I may be exaggerating there a bit. It was more of a background check and a few unnecessary questions, but they finally let me through about 30 pain staking minutes later.
Granted, I rolled into Canada at 12:30 a.m. on Monday. That may have had something to do with it. Who knows.
I only had a few hours to settle in before I trekked into downtown Toronto, in search of the NBA Finals. The game itself was incredible.
The crowd was electric, the talent on the floor was even better. I didn’t mind being up in the nosebleeds, at least I was in the door.
Then an interview with the Ringer’s Bryan Curtis came, and my world was flipped upside down. I had no way to predict the onslaught of requests for MY story. But I cherished it all. If you know me, there’s nothing I enjoy more than talking about sports, so to do so in front of a national audience was right in my wheel house. It still was a bit odd answering the questions I usually ask.
Small town media isn’t that different than the big time, despite the grander stage, the bright lights, the massive studio and the producers. Oh, and the make up artists. The make up room is incredibly hot, why did no one tell me this? I guess it may have been a combination of nerves and excitement, but I put those sweat wipes to good use.
Frankly, standing in front of the cameras and letting it all fly was rather easy. I was in my element. It was neat to promote Nurse, my company and the work we’ve done. We were finally getting our shine for decades worth of coverage. There was genuine intrigue from everyone who sought me out.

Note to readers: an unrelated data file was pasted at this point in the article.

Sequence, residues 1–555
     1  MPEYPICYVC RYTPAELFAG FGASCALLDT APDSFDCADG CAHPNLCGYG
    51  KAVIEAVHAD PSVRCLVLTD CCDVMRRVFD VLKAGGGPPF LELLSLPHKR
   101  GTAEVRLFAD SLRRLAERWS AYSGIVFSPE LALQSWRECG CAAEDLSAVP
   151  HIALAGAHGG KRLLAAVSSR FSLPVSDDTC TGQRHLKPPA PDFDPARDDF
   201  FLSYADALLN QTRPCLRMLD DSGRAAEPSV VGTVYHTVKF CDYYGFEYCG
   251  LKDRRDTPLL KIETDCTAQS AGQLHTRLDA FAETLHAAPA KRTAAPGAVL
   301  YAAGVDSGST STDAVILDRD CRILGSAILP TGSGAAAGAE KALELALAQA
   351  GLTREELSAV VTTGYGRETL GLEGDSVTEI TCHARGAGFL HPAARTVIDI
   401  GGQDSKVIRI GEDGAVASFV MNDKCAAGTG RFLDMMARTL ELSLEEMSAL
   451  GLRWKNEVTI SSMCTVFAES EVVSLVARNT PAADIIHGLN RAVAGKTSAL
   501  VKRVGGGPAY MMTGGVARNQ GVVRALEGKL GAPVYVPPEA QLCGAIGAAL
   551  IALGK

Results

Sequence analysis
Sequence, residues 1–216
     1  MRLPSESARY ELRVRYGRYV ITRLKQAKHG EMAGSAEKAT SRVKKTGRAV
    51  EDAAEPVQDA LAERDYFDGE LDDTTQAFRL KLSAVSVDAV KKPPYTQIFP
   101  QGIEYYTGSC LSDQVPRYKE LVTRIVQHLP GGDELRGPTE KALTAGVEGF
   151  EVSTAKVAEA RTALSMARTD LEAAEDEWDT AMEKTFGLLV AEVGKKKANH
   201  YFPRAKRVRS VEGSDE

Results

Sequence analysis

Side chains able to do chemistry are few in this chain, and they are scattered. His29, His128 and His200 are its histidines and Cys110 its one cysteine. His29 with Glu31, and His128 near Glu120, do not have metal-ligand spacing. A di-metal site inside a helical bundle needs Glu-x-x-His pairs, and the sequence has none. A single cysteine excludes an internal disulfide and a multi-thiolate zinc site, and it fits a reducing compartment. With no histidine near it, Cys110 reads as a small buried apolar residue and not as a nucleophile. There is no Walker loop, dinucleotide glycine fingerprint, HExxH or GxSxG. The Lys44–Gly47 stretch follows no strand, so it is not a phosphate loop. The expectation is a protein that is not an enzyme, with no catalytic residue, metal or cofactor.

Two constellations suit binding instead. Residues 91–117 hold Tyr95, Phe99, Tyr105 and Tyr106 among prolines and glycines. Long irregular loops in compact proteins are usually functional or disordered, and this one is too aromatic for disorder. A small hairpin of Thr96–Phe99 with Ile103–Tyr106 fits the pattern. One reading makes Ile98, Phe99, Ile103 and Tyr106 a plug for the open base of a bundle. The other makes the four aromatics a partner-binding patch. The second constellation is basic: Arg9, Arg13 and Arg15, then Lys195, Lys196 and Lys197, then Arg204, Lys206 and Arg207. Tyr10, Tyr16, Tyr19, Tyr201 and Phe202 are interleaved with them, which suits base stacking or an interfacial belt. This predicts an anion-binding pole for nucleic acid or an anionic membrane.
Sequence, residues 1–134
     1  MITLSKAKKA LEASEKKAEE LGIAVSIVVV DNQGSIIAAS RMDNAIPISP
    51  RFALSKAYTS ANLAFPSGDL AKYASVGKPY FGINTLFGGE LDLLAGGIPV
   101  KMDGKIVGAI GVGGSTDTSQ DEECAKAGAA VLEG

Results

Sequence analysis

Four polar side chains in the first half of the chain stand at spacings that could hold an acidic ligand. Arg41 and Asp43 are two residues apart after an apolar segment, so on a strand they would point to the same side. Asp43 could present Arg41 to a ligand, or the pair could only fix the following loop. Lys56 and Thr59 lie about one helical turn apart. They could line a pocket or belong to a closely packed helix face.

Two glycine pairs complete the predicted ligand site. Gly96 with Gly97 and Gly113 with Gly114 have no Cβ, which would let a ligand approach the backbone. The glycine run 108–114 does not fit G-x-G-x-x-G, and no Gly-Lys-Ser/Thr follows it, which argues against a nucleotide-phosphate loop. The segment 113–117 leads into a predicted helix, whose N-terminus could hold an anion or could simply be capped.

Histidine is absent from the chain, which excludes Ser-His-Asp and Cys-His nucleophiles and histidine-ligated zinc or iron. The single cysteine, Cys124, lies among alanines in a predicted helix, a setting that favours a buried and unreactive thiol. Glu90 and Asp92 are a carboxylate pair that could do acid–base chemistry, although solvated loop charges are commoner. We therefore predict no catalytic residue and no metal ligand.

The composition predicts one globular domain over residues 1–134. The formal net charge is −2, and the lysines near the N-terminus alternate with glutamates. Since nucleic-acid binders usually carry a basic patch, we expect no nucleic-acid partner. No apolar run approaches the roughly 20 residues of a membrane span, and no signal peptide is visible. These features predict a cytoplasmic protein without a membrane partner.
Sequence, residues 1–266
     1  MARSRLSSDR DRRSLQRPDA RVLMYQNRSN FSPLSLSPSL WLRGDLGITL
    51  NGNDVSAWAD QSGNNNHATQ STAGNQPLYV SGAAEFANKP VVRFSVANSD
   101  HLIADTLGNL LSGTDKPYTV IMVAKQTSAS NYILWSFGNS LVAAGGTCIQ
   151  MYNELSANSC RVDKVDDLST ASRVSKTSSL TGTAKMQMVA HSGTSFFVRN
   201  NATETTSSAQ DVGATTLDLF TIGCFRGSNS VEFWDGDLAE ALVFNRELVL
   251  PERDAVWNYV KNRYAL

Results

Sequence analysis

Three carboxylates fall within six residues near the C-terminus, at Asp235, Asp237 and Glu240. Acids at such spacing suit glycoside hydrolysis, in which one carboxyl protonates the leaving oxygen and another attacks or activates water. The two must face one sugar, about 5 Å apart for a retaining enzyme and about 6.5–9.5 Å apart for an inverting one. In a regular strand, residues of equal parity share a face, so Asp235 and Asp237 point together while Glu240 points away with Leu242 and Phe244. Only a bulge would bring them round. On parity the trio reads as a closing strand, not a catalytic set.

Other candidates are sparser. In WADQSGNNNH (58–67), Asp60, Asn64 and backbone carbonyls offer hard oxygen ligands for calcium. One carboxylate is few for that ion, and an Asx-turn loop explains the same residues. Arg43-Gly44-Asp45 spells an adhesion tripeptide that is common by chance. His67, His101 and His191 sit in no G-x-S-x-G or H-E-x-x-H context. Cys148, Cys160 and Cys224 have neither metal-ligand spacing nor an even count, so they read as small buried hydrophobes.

I’d be remiss if I didn’t mention, despite the struggles in customs, my new found love for Canadians. The northerners are indeed as nice as they say. Each citizen I encountered welcomed me with open arms. They dished out as many thank yous as I did, which was a pleasant surprise. Canada loved my story, the interesting journey following a blue collar coach. Even one CBC researcher willingly, without request, gave me a quick tour of the city. Canadians are truly a wonderful kind. They helped my transition into the media limelight become as seamless as possible.
This was all before I even touch on their passion. Canada loves their basketball, and it shows. Fireworks and smoke bombs galore filled the night sky as the Raptors wrapped up their championship. Nary a light pole was free of a human being the night they won it all.
Cheers rang across the city, accompanied by honking hours and clapping. I took in as much of the celebration as I could, but there’s only so much you can endure on your own. Before too long, my solo trip got lost in the thick of the crowd, wishing I was back in the strange apartment I had booked my stay at. It was as electric of a crowd I’d ever experienced, all brought together because by a love of sports. I loved it, even if my head didn’t hit the pillow until 2 a.m.
The journey home was by far the toughest. Boy, that was freaking brutal. Fourteen hours - 28 round trip - of relative nothingness. Then add on just three hours of sleep with multiple stops for interviews on the way home, I don’t recommend giving that a try. I may have arrived back in Iowa at 3 a.m., dog tired and ready to sleep for days.
My entire week was built around basketball, and I couldn’t have been happier to share the limelight. Here’s to more championships and more air time. As long as the wins keep coming, I’ll offer a local voice as best I can. I’m here to serve the community.